A Metaphor for the College of Agriculture
As the young brown-eyed boy placed each domino piece with care, his hands began to tremble and sweat. Beads began to form on his forehead. He knew that with each piece took him one piece closer to his goal of finishing his masterpiece. He patiently and diligently finished, not only accomplishing his goal, but with a sense of pride.
The boy and the domino game, describes a metaphor of what a senior in high school may be facing. Students having to make decisions of where to go to college, and possibly move away from anything and everything they have ever known, will make them have feelings of anxiety and apprehension. With each day that draws closer to moving away to college, is a day closer to your time as a College of Agriculture ‘masterpiece’!
The COA is known for being a family away from home, a comforting reason to choose it as your collegiate home. From the small faculty-to-student ratio, more than 30 clubs and organizations to be involved with and a friendly atmosphere of where “everybody knows your name,” the COA has a place for you. In addition, it is a supportive campus environment that promotes a high level of challenge, active and collaborative learning with enriching educational experiences.
At the end of your time at Auburn you will have completed your ‘masterpiece’ and be equipped with skills for your future career. If being a key piece in the future of American agriculture appeals to you, then let’s take a look at the COAs 24 career options and hear from students that are currently pursuing their own ‘masterpiece’ from the COA.
“I knew it was a little bit smaller class sizes and more of a personal experience, so I decided that would be a better option for me,” said Kim Cline, animal science graduate and master’s student in ruminant nutrition. “Later on in my undergrad experience, I decided to go to graduate school in ruminant nutrition, because of my hands-on research experience I had as an undergrad. Those experiences allowed me to receive a fellowship for graduate school.”
The animal science department currently has more than 350 students enrolled and is the largest major within COA. Another unique major offered is agriculture business and economics.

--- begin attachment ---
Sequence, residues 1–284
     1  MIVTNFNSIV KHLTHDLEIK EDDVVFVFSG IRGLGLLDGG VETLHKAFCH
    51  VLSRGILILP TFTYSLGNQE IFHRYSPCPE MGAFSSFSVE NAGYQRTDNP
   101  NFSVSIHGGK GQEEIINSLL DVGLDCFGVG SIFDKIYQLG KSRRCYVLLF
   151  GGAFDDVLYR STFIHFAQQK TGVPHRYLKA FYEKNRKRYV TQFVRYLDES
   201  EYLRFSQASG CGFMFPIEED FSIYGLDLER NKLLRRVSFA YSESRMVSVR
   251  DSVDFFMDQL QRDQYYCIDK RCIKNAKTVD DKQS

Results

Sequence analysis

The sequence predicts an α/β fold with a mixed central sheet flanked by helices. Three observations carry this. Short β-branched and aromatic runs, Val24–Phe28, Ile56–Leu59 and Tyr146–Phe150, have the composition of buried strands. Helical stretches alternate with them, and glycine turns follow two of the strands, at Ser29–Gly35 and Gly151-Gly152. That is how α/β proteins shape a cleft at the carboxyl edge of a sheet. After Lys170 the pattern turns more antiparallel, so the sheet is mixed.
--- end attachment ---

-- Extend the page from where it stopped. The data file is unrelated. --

“Agriculture is close to my roots,” said Hunter Brown, senior, double majoring in agriculture business and economics and forestry. “Having classes like Farm Appraisal and Farm Management allowed me to see first-hand how rural land is valued and the key factors that go into making the actual appraisal of land, using basic accounting principles.”
The COA continues to be unique because it offers six minors to compliment a four-year degree and make your masterpiece even more elite. From choosing a minor in horticulture to agricultural leadership studies, there are opportunities to broaden your horizons and career options by adding a minor.
“Leadership is an important aspect employer’s look at when hiring,” said Jeb Sexton, a junior in animal science with a minor in agriculture leadership. “Taking these skills you learn in this minor will help you in any field you go into, especially if you want to be recognized as a good leader.”
Not only is the COA known for the well-respected and knowledgeable faculty in all departments, it holds international esteem and prestige within the fisheries and allied aquaculture department.
“Auburn has one of the best warm-water fisheries programs in the world, and that is why I chose to come to the College of Agriculture,” said Daniel Foree, senior in fisheries and allied aquaculture. “Having research stations in Auburn and Dolphin Island provides students with exceptional and real-world research experience.”
As you begin on the journey of a lifetime, consider the COA to provide you with the skills, technology and resources to make your ‘masterpiece’ perfect for you to leave your unique and individual legacy for the future of American agriculture.